The bipartisan Senate report (“Flashing Red: A Special Report On The Terrorist Attack At Benghazi“)  released on Monday by the Senate Homeland Security and Governmental Affairs Committee on the Benghazi debacle certainly adds to our understanding of the events leading up to the murder of four Americans and the confusion that followed. For that its chairman, Joe Lieberman (I-Conn.), and ranking member, Susan Collins (R-Maine), should be commended.


Sen. Joe Lieberman- Bloomberg News Photo

While it is less than specific in explaining senior officials’ particular roles and why certain events occurred (e.g., the false cover story about the anti-Muslim film), it moves the ball forward despite blatant stonewalling by the White House. (“To provide a full account of the changes made to the talking points, by whom they were made and why, DNI [James] Clapper offered to provide the Committee with a detailed timeline regarding the development of the talking points. At the time of writing this report, despite repeated requests, the Committee had yet to receive this timeline. According to a senior IC official, the timeline has not been delivered as promised because the Administration has spent weeks debating internally whether or not it should turn over information considered ‘deliberative’ to the Congress.”) Moreover, the president, his national security adviser and other top White House officials have not been queried as to their actions.

That said, the report is a stern and broad rebuke of the entire administration:

In the months leading up to the attack on the Temporary Mission Facility in Benghazi, there was a large amount of evidence gathered by the U.S. Intelligence Community (IC) and from open sources that Benghazi was increasingly dangerous and unstable, and that a significant attack against American personnel there was becoming much more likely. While this intelligence was effectively shared within the Intelligence Community (IC) and with key officials at the Department of State, it did not lead to a commensurate increase in security at Benghazi nor to a decision to close the American mission there, either of which would have been more than justified by the intelligence presented.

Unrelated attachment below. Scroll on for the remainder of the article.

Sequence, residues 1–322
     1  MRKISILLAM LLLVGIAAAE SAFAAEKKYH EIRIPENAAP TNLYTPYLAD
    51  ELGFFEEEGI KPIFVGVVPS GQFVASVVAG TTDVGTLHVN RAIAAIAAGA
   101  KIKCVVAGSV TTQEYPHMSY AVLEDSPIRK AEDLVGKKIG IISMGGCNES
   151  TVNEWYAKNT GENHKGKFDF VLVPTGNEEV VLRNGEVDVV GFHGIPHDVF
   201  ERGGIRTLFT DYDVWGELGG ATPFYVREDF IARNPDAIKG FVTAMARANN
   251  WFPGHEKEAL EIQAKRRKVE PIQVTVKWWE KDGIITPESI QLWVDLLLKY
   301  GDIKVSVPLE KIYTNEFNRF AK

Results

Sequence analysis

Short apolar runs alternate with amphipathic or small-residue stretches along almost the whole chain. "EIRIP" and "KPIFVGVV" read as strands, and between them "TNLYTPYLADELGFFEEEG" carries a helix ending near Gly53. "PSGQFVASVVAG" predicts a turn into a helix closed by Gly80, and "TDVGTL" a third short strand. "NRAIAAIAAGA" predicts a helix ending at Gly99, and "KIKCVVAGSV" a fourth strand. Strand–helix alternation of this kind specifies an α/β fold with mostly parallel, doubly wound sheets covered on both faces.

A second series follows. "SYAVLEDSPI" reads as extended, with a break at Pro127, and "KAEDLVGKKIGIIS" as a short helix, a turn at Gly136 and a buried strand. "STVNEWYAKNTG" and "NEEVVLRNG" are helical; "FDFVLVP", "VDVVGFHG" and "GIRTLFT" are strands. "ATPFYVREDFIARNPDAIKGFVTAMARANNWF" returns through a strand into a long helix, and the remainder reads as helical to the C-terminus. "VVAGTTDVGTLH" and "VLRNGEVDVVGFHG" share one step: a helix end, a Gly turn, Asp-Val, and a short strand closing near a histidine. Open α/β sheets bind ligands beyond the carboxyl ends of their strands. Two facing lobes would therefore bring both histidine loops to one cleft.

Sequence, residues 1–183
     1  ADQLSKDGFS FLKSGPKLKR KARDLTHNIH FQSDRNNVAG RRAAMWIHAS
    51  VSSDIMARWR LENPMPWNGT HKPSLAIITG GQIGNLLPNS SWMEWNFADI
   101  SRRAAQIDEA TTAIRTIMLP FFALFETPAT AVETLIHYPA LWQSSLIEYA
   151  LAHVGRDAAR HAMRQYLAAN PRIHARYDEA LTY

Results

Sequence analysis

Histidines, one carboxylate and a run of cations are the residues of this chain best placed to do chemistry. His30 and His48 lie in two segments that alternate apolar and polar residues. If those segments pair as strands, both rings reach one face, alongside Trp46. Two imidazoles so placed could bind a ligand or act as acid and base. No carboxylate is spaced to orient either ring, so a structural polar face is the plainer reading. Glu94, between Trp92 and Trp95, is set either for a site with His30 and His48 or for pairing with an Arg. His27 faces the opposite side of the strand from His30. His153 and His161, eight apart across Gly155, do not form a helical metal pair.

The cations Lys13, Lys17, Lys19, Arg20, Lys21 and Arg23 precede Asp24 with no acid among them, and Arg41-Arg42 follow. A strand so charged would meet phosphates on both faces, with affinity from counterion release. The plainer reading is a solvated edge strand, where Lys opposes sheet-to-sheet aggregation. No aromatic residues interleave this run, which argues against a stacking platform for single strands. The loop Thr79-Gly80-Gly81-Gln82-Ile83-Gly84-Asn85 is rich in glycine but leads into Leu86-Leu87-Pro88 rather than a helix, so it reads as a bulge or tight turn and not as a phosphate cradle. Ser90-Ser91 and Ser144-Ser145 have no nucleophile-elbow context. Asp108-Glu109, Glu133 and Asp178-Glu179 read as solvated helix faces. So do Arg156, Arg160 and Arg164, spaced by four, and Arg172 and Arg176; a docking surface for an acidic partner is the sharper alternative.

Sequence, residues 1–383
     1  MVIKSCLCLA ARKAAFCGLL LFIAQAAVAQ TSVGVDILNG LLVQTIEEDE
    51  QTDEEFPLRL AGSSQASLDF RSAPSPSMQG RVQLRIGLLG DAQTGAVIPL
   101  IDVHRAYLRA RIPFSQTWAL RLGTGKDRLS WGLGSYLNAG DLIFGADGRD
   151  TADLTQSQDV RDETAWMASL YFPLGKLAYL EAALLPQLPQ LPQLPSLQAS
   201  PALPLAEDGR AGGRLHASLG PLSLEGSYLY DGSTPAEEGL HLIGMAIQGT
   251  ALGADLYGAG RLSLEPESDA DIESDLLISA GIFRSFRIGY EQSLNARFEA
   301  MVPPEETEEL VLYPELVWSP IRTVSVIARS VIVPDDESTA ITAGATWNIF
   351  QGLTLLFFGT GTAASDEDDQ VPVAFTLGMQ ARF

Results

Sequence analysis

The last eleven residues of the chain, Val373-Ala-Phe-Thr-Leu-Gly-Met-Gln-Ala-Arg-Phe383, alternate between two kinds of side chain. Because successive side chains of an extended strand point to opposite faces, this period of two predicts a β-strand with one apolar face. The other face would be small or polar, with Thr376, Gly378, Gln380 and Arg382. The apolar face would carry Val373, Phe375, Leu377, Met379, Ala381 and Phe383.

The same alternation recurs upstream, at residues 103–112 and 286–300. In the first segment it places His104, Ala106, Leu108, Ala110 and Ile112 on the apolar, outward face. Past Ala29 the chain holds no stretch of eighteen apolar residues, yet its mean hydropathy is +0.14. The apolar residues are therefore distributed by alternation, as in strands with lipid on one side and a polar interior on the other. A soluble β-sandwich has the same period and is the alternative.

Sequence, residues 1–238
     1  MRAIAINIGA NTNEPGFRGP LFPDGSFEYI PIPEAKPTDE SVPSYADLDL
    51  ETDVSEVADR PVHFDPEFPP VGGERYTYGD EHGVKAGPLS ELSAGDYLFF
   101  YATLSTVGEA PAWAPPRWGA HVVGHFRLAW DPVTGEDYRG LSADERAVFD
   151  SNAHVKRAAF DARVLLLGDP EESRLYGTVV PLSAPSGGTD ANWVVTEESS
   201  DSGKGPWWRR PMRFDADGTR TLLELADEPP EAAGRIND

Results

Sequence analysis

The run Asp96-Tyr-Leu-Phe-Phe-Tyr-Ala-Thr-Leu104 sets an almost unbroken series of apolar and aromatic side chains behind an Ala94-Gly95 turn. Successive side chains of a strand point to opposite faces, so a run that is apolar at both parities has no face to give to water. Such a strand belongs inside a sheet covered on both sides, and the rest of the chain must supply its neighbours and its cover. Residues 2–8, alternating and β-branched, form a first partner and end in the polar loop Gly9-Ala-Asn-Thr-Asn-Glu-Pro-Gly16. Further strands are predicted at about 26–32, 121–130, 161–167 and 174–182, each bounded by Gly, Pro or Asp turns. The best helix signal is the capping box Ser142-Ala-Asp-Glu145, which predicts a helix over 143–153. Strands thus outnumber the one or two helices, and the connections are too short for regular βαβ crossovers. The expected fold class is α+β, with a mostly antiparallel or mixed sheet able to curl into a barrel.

The report confirms that the administration had available information about the rising Al-Qaeda threat in Libya but did not take appropriate action to protect its personnel, reply to security requests, rethink entrusting security to unreliable local forces or pull our people out, as a number of other countries and international groups had done. The question as to how officials missed the thundering stampede of elephants in the room ( i.e. the degeneration of Libya into a haven for terrorists) has yet to be answered. Plain incompetence? Pre-election nervousness? Refusal to give up on the “we put Al-Qaeda back on its heels” group think? We simply don’t know. One former national security official described the problem this way: “Susan Rice said what they all wanted to believe, which was that AQ was dying, and that the mayhem in the Middle East was merely the result of people getting temperamental about a video at a time when basically good things were happening around them. They cling to that narrative, in many ways, and it is an acute form of strategic blindness.”

As for the dissembling after the attacks, the report provides a blow-by-blow account of the inconsistent explanations for the attack coming from the president and his aides. Left unsaid is why this occurred and whether the president intended to mislead the American people. (“Although the September 11, 2012 attack in Benghazi was recognized as a terrorist attack by the Intelligence Community and personnel at the Department of State from the beginning, Administration officials were inconsistent in stating publicly that the deaths in Benghazi were the result of a terrorist attack.”) Part of this stemmed from the endemic refusal to name our enemy: